- Liquid– you can use water or beef broth to make this. If you want to give your canned beef stew a more umami flavor, a combination of broth and tomato juice will also work.
Tips for Canning Beef Stew with Vegetables
- Always start with clean tools! Wash your jars including the rings and lids with warm soapy water and let them air dry before using.
- If this is your first time making homemade canned food using a pressure canner, learn everything you need to know to use it like a pro! Don’t worry it is easier than you think and when used right. It is a very safe useful kitchen equipment that is worth your investment.
- Dice your meat and vegetables into equal-sized pieces. Not only will it be easier for you to arrange them into the jars, but this also ensures that you will have evenly cooked portions.
- Do not pack the meat and veggies too tightly into the jars. This will prevent the broth from seeping into the meat and will result in a less flavorful and dry stew. Just add them into the jar and fill ¾ of the way without pushing the contents down.
- Leave enough headspace per jar to make sure that they will seal properly. For this recipe, leave a 1/2-inch headspace for the best result.
- Wipe the rims of the jar with a clean cloth before sealing them. This clears any debris like salt or pepper grains that might keep your jar from sealing.
- The processing time will depend on the size of the jars you are using. 85 minutes if you are using quartz jars and 55 minutes for pint jars. (according to the Ball blue book canning standards.)
Frequently Asked Questions
- Is it safe to raw pack beef stew? Absolutely! Though you will see some recipes saying that you have to cook the meat first, it is not necessary unless you prefer to do so. Raw packing meat is safe because the meat will cook fully inside the pressure canner. It’s also much faster.
- Can I pre-cook the beef before adding it to the canning jars? Sure, you can. You can cook them briefly in a skillet until they have browned and let them cool down a bit before adding them to the jars.
- Can I use the water-bath canning method to make canned beef stew? I do not recommend this because water baths do not reach a high enough temperature to make the meat safe for long storage.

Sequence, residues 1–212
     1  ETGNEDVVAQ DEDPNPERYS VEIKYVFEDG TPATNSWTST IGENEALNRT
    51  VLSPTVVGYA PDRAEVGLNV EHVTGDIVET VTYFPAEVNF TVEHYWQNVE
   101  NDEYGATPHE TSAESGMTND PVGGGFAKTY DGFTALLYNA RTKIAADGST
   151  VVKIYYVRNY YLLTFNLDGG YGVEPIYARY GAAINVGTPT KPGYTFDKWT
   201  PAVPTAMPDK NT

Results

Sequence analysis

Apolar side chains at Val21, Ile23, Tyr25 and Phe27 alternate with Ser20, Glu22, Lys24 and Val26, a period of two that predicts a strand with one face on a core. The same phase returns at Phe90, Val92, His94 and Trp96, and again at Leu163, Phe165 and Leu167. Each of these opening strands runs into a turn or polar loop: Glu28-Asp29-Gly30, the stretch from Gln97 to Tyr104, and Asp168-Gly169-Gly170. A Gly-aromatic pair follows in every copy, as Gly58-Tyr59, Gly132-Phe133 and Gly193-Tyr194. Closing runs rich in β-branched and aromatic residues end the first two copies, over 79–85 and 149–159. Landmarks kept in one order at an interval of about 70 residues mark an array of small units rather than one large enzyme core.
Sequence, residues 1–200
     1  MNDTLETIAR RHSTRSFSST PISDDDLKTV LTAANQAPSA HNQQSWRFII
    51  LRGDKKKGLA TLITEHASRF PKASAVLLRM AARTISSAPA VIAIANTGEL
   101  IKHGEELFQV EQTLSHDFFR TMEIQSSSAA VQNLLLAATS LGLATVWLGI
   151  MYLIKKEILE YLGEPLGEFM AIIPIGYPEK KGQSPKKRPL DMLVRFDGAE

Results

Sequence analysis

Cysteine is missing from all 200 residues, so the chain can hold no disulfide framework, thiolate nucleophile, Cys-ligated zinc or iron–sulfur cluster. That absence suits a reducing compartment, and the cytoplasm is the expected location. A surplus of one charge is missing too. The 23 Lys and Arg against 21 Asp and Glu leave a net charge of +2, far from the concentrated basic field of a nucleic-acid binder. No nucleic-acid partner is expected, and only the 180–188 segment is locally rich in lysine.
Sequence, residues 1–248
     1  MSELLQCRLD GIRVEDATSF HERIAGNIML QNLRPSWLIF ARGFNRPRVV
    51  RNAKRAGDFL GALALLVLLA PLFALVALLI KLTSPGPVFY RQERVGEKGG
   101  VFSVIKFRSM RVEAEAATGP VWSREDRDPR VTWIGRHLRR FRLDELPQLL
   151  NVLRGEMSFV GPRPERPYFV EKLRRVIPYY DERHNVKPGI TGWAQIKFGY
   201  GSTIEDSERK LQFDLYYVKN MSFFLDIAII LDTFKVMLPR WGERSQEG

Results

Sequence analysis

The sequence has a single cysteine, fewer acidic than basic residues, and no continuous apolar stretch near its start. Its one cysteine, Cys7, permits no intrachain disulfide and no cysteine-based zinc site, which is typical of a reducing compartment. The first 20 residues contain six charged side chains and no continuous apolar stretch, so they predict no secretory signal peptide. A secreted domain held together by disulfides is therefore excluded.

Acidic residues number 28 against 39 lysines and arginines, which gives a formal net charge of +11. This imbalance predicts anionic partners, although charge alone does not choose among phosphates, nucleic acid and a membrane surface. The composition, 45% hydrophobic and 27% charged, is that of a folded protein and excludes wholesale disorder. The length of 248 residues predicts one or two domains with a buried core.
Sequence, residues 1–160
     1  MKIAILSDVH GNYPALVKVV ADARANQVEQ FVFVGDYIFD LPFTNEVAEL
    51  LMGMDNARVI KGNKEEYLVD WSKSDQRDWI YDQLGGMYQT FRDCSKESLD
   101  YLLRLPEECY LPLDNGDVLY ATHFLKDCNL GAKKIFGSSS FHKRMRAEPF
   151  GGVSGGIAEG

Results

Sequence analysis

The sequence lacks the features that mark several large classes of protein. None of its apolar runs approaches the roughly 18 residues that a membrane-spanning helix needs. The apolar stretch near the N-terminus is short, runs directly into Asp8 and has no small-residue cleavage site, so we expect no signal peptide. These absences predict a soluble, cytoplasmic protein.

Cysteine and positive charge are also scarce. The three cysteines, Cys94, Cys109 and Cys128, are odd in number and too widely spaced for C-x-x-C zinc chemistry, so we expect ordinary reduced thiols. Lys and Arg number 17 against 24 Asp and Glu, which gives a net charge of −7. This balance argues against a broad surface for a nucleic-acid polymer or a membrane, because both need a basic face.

- How long can I store canned beef stew? Keep jars in a cool place out of direct sunlight and they should last for years unopened. Once you opened a can, it is best to consume it immediately or keep it in the fridge for up to 3 days only.
Canned Beef Stew
Savory, delicious beef stew, with potatoes an carrots, including full canning instructions.
- 5 lbs beef roast or stew meat, cut into 1 inch cubes (or smaller)
- 12 cups potatoes, peeled and cubed
- 8 cups carrots, sliced/diced
- 3 cups onions, diced
- 7 teaspoon sea salt
- 1 3/4 teaspoon ground black pepper
- water or beef stock (note: can also use a combination of broth and tomato juice)
n a large bowl or stock pot, mix ingredients, except for broth together thoroughly
Pack loosely into quart or pint jars leaving 3/4 inch of head space
Fill with water or beef broth, leaving 1/2 inch of headspace being sure to remove air bubbles if needed using a butterknife to reach and release air pockets
Wipe rim and fit with flats and lids, screw band down firmly
Prepare pressure canner according to manufacturer’s instructions
Arrange jars in canner so that they aren’t touching
Lock canner lid and heat over medium-high heat until steam begins to escape
Vent steam for 10 minutes, then close vent/add your weighted gauge
Continue heating to 10lbs of pressure. For many canners, that’s when the weight begins to rock or jiggle. Some dial-gauge canners require you to keep an eye on them
Process quart jars for 85 minutes, and pint jars for 55 minutes (according to Ball canning standards)
Turn off heat and let pressure return to zero naturally before opening vent and removing jars. If you need to remove the jars while they’re still hot, place a towel on your countertop, carefully remove jars and place them on the towel, then cover with another towel to protect jars from drafts that could cause glass to bread. Let the jars remain undesturbed on the counter until completely cool
After 24 hours, you can remove rings from sealed jars, and water jars
Store in a cool place out of direct sunlight